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5 Questions For Don Souden

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  • 5 Questions For Don Souden

    5 Questions for Donald Souden

    1. Do you think more Ripper-related fiction will become prevalent or do you see more suspect based books emerging ?

    2. How many hours a month do you spend in Ripperological study?

    3. How do you feel Ripperologist,as well as other magazines in our field,could be best utilized?

    4. Which of your several articles gave you the most enjoyment in composing? Personally,I enjoyed the one on McCarthy & Bowyer very much.

    5. What is your opinion of 21st Century profiling as to its relevance to the 1888 Ripper ?

    Thanks for your time.

  • #2
    Thanks to Don for his time and answers !

    1) I think there is little question that "factual" (non-fiction) Ripper books, especially suspect-based ones, will continue to appear in far greater numbers than fictional treatments of the case.

    There are many reasons for this, not the least being a growing reluctance by agents to take on fiction of any kind because of a similar reluctance on the part of publishers. In contrast, any book that purports to have "the solution" (how often have we seen that?) is much more likely to evoke interest by both publishers and the public. That said, however, I have long believed that fiction might be the best way to lay out a case against a suspect without suffering the shouts of "Where’s the beef?" from those seeking the iron-clad evidence that may never be available. If I ever had three months without worrying about paying bills I would give it a whirl myself.

    2) In actual formal study? Gulp! I’m embarrassed to say darned little. However, if you add up the hours spent editing and fact-checking articles by others, writing my own articles, reading the posts on various Ripper-related fora, and email and IM discussions with friends the number is probably higher that I’d care to know. Of course, there is always something new to be learned, but I believe that just as knowing sports trivia is not nearly so important as really understanding the game, so too knowing the minutiae of the Ripper case isn’t nearly so important as being able the analyze and explain the basic facts.

    3) Interesting question and one that we at Ripperologist are very conscious of now that we are the only full-size magazine in the field appearing regularly. We appear every month and the goal of every issue is to better inform and entertain our readers than the previous month. The inform element is doubtless accepted as a given, but the entertainment aspect is equally important for any magazine. After all, we have a broad spectrum of readership that includes those who will sit down with a stopwatch and calculator to closely follow an article describing, say, the beat timing of a single PC. But, we also have readers just starting to explore the subject and who may put the super-detailed articles aside for later perusal while getting a kick out stories about Ripper movies or interesting aspects of the Late Victorian Period. Moreover, Ripperologist serves an important function for all students of the mystery to present new ideas in an attractive format that permits the next best thing to peer review. We are always interested in articles and can usually promise that those accepted will appear within a month or two.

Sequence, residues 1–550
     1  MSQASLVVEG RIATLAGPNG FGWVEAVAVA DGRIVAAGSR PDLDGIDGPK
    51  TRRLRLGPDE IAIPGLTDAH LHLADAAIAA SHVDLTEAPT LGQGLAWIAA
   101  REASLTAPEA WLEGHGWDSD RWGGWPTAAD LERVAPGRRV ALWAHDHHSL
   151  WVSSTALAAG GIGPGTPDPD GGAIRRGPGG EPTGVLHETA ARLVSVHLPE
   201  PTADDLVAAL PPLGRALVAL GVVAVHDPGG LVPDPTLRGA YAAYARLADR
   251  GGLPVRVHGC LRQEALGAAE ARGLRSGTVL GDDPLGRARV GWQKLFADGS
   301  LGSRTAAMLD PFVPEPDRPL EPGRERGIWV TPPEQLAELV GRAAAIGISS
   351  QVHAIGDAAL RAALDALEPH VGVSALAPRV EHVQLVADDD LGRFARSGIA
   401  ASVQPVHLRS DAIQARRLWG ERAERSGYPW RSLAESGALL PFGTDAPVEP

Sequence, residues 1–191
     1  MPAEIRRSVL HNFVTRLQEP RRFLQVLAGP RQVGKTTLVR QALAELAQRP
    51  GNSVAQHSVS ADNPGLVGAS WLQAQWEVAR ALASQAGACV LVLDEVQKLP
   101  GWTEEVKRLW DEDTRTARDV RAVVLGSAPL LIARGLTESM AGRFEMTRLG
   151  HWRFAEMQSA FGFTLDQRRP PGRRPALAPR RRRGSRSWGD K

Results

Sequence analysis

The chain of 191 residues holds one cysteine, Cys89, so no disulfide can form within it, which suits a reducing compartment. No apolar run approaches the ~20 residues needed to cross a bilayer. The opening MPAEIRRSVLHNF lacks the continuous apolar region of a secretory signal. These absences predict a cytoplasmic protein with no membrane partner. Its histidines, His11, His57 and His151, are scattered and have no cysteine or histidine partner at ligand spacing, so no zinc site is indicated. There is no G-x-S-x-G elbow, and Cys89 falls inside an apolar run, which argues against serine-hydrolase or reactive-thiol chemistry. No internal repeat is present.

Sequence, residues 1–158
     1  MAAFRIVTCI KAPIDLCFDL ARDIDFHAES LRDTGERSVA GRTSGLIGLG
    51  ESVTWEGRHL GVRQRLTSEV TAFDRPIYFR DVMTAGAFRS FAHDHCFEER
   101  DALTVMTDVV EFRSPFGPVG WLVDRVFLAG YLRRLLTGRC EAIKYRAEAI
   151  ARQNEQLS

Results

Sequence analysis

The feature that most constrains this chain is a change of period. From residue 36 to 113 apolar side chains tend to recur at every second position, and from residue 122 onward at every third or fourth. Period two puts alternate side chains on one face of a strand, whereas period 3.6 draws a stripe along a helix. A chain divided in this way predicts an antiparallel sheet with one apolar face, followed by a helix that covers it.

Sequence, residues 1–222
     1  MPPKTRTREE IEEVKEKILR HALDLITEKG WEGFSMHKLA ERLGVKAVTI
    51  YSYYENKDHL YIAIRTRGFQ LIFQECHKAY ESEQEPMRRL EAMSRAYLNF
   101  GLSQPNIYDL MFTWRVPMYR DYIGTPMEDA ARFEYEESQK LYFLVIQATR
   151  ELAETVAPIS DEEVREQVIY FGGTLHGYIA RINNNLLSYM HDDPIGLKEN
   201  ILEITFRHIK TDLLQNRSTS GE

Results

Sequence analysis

4) Oh boy, that is like asking a mother which of her children she loves the most. I’d be hard put to make many distinctions between the several thousand newspaper columns I churned out, far less the few Ripper articles I’ve written. I could probably name a few columns and one Ripper article I wish I hadn’t written, but that’s not what you asked. Certainly the McCarthy article caused some people to think (and I’ve thought of a lot more material since that I could have included) and the one on Ripper myths is constantly being cited because myths die hard. More recently, I have enjoyed the satirical series—The Detectives—I started in the November Ripperologist because I love making people laugh. Still, your question was which gave me the most enjoyment in composing and I would have to say that was "A Life Less Ordinary: The Victims of Jack the Ripper on the Big Screen" I did last month with Jennifer Pegg. The strange truth is that despite the years of writing under my belt, this was the first time I ever collaborated with anyone. It was a new and very pleasant experience. Not only did I have the luxury of doing only half the research and writing, but I benefited from someone else’s ideas (it was Jenni who had the bright notion to use actual film titles for the sub-heads). Moreover, Jenni was a delight to work with. So, collaboration was a new experience for me, but one I hope to repeat.

    5) Ah, I could on for pages with this topic, but I’ll try to keep it short. Modern profiling strikes me as more an art than a science (and we know what kind of a hornets’ nexst can be stirred up arguing about art) and that most profilers are nothing more than savvy cops with degrees after their name. That said, because of the vast cultural differences encountered over time, retro-profiling is dodgy at best—and the greater the temporal disconnect the dodgier the conclusions.